Fraudsters kick off conterfeiting operation with $1,800 investment in malware #BlackPOS

by. Nicole Reyes

In an earlier post, I talked about 2014 being coined “The Year of the Data Breach,” and so far, the ring is true. Much of the continuing breach trouble appears to be stemming from a certain malware used in the Target incident. This malware has reportedly created a new wave of data breaches, and investigators have tracked it back to as far as June 2013.

Chatter among industry professionals and the payments media has it that more retailers were breached in a similar method to the Target incident and around the same timeframe. While merchant names have not been released, investigators have revealed that the malware used in the Target breach has been downloaded at least 20 times in various locations around the world.

Criminals who have downloaded the malware have reportedly done so for a fee of $1,800 for the basic version and $2,300 for the full version. Per the FBI: “The accessibility of the malware on underground forums, the affordability of the software and the huge potential profits to be made from retail POS systems in the United States make this type of financially motivated cyber crime attractive to a wide range of actors.”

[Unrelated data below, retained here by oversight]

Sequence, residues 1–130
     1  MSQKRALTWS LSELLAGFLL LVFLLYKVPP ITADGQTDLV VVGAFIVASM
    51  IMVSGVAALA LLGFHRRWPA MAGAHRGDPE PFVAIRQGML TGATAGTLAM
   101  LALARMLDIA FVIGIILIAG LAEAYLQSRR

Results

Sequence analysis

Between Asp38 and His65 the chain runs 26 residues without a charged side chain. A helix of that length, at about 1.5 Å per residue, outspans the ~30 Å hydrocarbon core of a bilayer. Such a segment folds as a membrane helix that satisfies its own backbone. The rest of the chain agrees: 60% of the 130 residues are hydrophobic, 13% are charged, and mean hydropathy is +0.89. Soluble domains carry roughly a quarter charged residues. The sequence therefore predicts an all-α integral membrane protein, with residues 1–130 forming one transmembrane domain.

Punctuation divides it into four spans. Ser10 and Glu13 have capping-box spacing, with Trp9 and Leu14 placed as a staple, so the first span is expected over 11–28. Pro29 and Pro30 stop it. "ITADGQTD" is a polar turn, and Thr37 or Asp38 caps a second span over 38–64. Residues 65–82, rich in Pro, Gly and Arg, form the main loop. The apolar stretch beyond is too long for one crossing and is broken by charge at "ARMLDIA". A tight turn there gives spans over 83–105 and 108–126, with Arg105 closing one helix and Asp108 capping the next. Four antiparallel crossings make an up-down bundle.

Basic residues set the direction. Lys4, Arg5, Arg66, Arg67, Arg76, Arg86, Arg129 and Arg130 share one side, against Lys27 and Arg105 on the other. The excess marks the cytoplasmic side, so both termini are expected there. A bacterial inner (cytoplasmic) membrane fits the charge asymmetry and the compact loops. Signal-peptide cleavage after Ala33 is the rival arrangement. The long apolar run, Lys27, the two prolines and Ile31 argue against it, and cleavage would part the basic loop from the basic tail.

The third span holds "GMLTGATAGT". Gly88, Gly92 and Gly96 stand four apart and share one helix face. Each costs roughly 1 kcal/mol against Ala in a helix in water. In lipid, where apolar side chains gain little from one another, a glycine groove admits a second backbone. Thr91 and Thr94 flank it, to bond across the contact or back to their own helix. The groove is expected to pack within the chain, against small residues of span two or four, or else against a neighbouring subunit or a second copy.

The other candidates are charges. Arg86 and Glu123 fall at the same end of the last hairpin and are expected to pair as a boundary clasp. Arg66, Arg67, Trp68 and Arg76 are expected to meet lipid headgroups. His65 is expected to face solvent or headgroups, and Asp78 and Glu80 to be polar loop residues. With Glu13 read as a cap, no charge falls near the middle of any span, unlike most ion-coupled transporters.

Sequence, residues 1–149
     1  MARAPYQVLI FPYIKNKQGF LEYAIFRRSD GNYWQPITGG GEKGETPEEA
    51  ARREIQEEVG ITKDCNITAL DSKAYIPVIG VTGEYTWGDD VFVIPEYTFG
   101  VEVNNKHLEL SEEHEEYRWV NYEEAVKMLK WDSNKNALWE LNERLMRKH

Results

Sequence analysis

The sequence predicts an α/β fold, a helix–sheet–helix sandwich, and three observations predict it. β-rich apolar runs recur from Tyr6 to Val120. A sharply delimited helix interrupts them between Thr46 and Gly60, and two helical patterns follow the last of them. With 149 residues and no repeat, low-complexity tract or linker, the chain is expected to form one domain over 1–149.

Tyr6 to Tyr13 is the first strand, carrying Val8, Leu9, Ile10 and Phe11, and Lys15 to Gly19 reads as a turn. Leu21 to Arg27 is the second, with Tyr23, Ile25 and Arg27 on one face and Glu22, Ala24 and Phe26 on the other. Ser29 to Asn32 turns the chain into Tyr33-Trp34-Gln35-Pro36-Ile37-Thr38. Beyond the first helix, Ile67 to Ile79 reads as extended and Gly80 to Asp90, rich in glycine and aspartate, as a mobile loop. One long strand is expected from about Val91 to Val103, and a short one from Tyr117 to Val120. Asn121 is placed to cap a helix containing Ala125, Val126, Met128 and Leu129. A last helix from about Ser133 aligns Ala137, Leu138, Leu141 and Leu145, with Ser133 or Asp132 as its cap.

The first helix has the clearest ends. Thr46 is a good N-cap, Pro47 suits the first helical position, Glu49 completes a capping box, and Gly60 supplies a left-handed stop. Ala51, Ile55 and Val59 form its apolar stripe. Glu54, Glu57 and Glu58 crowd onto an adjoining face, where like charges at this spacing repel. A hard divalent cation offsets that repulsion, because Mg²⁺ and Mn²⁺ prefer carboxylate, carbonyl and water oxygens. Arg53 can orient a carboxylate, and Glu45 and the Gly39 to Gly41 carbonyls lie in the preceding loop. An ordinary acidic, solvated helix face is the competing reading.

BlackPOS works by getting itself downloaded into the retailer’s system (how insiders may have intentionally played a role or been tricked into that download is to be determined). It then captures card information and uploads it to a server that the fraudsters can access. From this data, fraudsters build out counterfeit magstripes and plastics. (Counterfeiters are actually in a race against time, as the proliferation of EMV is expected put a near stop to the production of look-alike cards. This may explain the ramped-up breach effort – striking before it’s too late.)

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